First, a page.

There’s a myth that all it takes to change the world is a single great idea, usually conceived by a visionary inventor sweating away in a garage workshop.
Build it, the adage goes, and they will come.
“The failure rate is high on that,” said Jonathan Lasch, director of the Alfred Mann Institute (AMI) for Biomedical Engineering at USC.
He would know: He’s seen the long road an invention has to travel before arriving at the commercial marketplace. For 10 years, the AMI has shepherded medical devices from the inventor’s bench to the commercial market, navigating regulatory hurdles and business pitfalls along the way.
The not-for-profit’s mission includes everything from securing funding for an invention to performing a market analysis and figuring out who its potential buyers would be.
Lasch favors a “pull” approach, seeing what needs there are in the open market and focusing on inventions that naturally will attract buyers, rather than trying to “push” a product on to them. In addition, the institute looks at how difficult protecting the intellectual property of an invention will be and what a workable business plan will look like.
Recent products the inventors worked on include a device that removes skin lesions using an electronic pulse; a bandage that stays sticky at room temperature but falls off when cooled with ice, making it perfect for burn victims; and a system for diagnosing cardiac problems by injecting a small amount of fluorescent dye into the bloodstream. While their creators know those inventions inside and out, the institute brings a comprehensive expertise in technology development to their work.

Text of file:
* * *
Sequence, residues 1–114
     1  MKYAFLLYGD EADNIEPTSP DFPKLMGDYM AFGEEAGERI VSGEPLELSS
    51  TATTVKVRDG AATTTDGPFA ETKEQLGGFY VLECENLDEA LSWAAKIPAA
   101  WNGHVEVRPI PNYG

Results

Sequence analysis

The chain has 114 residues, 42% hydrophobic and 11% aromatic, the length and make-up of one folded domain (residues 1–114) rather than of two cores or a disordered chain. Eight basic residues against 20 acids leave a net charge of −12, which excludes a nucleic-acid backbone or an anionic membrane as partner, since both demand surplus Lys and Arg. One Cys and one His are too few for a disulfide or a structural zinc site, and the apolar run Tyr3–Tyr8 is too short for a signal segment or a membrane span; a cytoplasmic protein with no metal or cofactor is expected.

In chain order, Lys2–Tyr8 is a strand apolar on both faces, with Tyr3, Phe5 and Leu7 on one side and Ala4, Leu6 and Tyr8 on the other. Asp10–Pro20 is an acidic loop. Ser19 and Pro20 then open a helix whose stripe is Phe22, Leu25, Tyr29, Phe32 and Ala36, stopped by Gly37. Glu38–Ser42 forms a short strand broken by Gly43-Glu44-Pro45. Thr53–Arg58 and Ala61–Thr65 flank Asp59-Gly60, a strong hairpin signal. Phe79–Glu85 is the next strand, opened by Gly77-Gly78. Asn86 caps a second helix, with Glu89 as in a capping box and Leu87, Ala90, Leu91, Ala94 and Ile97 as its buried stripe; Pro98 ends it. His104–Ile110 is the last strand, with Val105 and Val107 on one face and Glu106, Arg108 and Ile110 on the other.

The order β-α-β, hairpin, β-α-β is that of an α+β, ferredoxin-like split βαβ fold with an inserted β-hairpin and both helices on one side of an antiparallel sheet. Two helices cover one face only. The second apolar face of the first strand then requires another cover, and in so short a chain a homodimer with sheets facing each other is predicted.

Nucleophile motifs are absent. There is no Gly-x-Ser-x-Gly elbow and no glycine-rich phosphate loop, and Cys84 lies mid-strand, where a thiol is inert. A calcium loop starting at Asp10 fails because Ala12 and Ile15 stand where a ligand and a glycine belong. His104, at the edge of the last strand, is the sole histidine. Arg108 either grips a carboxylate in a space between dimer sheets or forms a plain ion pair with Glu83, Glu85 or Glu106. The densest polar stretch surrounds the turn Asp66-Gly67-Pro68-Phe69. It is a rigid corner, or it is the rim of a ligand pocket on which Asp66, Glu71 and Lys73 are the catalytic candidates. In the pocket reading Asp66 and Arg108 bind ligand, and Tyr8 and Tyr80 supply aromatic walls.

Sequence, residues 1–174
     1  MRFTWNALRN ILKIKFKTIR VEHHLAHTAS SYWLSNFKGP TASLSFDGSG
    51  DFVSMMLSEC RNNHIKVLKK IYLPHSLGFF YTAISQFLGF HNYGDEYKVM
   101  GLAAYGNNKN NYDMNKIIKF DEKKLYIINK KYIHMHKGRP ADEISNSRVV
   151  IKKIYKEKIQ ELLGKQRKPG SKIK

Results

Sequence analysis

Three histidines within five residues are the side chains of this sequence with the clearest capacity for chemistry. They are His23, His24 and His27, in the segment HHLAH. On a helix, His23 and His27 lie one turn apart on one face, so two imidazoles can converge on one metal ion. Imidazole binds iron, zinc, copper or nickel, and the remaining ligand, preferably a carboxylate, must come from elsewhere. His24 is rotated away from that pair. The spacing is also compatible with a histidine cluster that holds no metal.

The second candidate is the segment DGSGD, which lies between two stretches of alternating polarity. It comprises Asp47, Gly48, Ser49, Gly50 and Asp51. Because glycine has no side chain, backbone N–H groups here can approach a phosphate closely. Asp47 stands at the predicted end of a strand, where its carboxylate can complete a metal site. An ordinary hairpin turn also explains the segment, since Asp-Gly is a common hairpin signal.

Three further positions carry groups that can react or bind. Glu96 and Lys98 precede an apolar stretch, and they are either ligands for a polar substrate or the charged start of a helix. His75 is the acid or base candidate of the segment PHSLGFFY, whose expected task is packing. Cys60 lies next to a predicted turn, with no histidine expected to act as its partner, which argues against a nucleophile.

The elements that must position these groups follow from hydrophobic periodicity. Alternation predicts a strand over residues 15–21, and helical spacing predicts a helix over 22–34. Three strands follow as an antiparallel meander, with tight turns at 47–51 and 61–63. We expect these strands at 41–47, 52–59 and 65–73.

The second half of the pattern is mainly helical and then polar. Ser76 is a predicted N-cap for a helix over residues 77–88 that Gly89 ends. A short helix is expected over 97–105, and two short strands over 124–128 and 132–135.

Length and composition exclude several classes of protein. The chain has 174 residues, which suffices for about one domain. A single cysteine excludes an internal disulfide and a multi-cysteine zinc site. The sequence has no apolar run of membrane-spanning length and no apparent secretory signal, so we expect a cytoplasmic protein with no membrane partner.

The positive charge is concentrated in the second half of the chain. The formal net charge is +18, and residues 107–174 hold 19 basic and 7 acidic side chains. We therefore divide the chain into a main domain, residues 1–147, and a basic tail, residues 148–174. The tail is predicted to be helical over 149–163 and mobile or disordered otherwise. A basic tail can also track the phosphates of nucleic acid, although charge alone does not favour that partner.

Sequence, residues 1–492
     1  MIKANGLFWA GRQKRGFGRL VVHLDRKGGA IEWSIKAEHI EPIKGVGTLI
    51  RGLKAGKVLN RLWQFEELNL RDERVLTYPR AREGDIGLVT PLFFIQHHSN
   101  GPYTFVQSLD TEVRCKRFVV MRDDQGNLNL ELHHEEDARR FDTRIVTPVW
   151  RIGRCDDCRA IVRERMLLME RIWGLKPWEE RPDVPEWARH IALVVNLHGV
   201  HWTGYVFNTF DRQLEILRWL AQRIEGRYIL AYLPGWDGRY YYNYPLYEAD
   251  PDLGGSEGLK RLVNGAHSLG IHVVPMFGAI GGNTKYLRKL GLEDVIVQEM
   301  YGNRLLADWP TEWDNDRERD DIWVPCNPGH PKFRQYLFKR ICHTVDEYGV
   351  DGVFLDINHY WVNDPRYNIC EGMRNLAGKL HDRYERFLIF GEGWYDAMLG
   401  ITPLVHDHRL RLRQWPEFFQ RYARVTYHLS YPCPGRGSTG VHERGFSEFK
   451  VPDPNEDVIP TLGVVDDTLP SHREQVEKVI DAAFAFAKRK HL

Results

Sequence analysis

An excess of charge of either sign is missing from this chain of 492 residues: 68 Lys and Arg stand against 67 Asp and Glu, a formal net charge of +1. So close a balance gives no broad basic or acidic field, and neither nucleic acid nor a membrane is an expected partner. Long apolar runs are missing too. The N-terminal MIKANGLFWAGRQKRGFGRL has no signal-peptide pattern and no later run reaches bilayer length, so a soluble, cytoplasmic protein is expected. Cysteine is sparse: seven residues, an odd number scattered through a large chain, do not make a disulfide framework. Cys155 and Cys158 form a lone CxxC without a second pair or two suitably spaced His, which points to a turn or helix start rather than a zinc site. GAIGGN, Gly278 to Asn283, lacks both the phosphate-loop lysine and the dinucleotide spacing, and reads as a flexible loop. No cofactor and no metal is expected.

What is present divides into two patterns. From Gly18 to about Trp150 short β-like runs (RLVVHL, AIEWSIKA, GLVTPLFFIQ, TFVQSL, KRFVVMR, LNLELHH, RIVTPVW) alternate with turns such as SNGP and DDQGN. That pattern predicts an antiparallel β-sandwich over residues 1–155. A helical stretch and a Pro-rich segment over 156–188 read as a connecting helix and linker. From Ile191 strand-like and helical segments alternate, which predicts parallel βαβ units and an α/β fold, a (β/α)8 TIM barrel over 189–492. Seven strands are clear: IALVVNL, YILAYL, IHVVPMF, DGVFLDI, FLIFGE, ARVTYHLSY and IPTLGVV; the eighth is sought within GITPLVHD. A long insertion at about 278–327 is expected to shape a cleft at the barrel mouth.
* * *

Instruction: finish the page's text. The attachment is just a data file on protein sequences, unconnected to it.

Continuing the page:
“No matter how smart someone is, they can’t be an expert in all of these technologies and in all aspects of development,” Lasch said.
Nor can they be an expert in all the areas of a successful business launch. That takes the kind of experience the institute’s team offers. Lasch himself has started dozens of companies over the course of his career. His team sees between 70 and 100 inventions per year. The team analyzes each to get it developed enough for a commercial launch, places it in a company’s product pipeline or spins it out into a private company.
That requires carefully picking and choosing the projects the team works on, said Cesar Blanco, head of engineering and project development. Each one is different.
For the special adhesive the AMI has been working on, the technological risks aren’t that great, but market data is harder to come by. For a stent coating, the opposite is true – there’s a large market with plenty of data available, but proving the technology works better than anything else on the market can be a challenge.
“Our goal is to de-risk the technology,” Blanco said. “We might not take all the risk out of it, but we’re taking a significant amount out.”
Even when an invention proves to be less successful than expected, Lasch said, their development ultimately benefits society.
“A company that fails still pushes forward technology for others to use, creates high-quality jobs and gives employees a chance to learn,” he said. “There are lessons to be learned from setbacks.”